hissing

[his-ing]

Origin:
1350–1400; Middle English; see hiss, -ing1

Dictionary.com Unabridged

hiss

[his]
verb (used without object)
1.
to make or emit a sharp sound like that of the letter s prolonged, as a snake does, or as steam does when forced under pressure through a small opening.
2.
to express disapproval or contempt by making this sound: The audience hissed when the actor forgot his lines.
verb (used with object)
3.
to express disapproval of by hissing: The audience hissed the controversial play.
4.
to silence or drive away by hissing (usually followed by away, down, etc.): They hissed down the author when he tried to speak.
5.
to utter with a hiss.
noun
6.
a hissing sound, especially one made in disapproval.

Origin:
1350–1400; Middle English hissen; probably imitative; compare Old English hyscan to jeer at, rail (derivative of husc jeering; cognate with Old Saxon, Old High German hosc)

hisser, noun
hissingly, adverb
outhiss, verb (used with object)
unhissed, adjective


2, 4. boo, razz, heckle.
Dictionary.com Unabridged
Based on the Random House Dictionary, © Random House, Inc. 2014.
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Collins
World English Dictionary
hiss (hɪs)
 
n
1.  a voiceless fricative sound like that of a prolonged s
2.  such a sound uttered as an exclamation of derision, contempt, etc, esp by an audience or crowd
3.  electronics receiver noise with a continuous spectrum, caused by thermal agitation, shot noise, etc
 
interj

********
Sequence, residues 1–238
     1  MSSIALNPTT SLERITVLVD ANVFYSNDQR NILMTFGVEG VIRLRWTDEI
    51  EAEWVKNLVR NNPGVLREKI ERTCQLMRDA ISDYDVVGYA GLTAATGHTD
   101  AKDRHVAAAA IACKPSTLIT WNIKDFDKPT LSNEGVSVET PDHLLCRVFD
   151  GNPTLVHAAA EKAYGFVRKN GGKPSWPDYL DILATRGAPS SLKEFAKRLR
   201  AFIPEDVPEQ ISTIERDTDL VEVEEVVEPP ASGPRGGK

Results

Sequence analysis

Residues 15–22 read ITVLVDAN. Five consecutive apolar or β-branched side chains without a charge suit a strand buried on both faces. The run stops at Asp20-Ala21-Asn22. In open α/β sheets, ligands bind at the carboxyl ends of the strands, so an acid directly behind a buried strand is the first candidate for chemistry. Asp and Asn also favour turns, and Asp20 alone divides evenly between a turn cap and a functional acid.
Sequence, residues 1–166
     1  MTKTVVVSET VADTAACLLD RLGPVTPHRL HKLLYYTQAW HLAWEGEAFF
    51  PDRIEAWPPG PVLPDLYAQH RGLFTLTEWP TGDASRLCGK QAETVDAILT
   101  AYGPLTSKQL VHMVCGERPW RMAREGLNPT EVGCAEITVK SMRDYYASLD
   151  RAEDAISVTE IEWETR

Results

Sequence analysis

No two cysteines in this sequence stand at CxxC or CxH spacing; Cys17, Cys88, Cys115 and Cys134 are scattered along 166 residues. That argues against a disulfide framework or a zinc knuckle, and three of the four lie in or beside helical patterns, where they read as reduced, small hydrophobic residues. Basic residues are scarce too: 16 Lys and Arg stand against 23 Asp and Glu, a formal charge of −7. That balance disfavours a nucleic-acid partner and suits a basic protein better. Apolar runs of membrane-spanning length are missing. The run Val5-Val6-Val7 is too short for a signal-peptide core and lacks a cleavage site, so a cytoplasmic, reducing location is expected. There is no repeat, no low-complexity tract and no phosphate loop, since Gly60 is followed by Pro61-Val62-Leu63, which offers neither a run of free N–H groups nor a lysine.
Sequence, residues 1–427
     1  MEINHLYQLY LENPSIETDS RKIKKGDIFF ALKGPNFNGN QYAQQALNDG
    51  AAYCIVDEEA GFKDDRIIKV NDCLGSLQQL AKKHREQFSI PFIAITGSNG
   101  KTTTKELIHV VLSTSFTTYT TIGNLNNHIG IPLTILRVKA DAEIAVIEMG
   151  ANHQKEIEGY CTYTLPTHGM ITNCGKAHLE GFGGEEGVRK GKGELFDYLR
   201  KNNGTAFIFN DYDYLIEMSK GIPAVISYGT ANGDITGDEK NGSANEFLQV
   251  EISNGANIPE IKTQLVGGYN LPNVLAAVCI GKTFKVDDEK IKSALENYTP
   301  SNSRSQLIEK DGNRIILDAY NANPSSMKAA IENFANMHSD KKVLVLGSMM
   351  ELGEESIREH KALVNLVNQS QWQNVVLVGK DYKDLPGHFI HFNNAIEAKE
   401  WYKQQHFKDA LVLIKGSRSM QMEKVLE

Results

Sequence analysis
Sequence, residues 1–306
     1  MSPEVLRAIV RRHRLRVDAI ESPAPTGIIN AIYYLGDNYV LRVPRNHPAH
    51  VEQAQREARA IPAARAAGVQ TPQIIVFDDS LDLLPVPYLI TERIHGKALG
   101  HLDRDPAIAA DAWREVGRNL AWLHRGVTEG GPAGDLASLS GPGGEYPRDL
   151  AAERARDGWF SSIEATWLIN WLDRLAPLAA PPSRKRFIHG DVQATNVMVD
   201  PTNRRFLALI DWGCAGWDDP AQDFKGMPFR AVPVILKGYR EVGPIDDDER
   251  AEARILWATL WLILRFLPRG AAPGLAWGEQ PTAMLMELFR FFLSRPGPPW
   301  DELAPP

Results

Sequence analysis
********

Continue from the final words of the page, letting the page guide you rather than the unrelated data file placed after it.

4.  an exclamation of derision or disapproval
 
vb
5.  (intr) to produce or utter a hiss
6.  (tr) to express with a hiss, usually to indicate derision or anger
7.  (tr) to show derision or anger towards (a speaker, performer, etc) by hissing
 
[C14: of imitative origin]
 
'hisser
 
n

Hiss (hɪs)
 
n
Alger. 1904--96, US government official: imprisoned (1950--54) for perjury in connection with alleged espionage activities

Collins English Dictionary - Complete & Unabridged 10th Edition
2009 © William Collins Sons & Co. Ltd. 1979, 1986 © HarperCollins
Publishers 1998, 2000, 2003, 2005, 2006, 2007, 2009
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Etymonline
Word Origin & History

hissing
1382, hissyng, of imitative origin, but originally also "whistling." In both senses expressing opprobrium. Of hiss, Johnson wrote, "it is remarkable, that this word cannot be pronounced without making the noise which it signifies."
Online Etymology Dictionary, © 2010 Douglas Harper
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Easton
Bible Dictionary

Hiss definition


to express contempt (Job 27:23). The destruction of the temple is thus spoken of (1 Kings 9:8). Zechariah (10:8) speaks of the Lord gathering the house of Judah as it were with a hiss: "I will hiss for them." This expression may be "derived from the noise made to attract bees in hiving, or from the sound naturally made to attract a person's attention."

Easton's 1897 Bible Dictionary
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Example sentences
As the dragon charged it released huge clouds of hissing steam through its
  nostrils.
Exhale through the mouth with the lips pursed, making a hissing sound.
If you smell gas or hear hissing, open a window, leave quickly and call the gas
  company from a safe place.
Burning leaves and wood give off crackling and hissing sounds.
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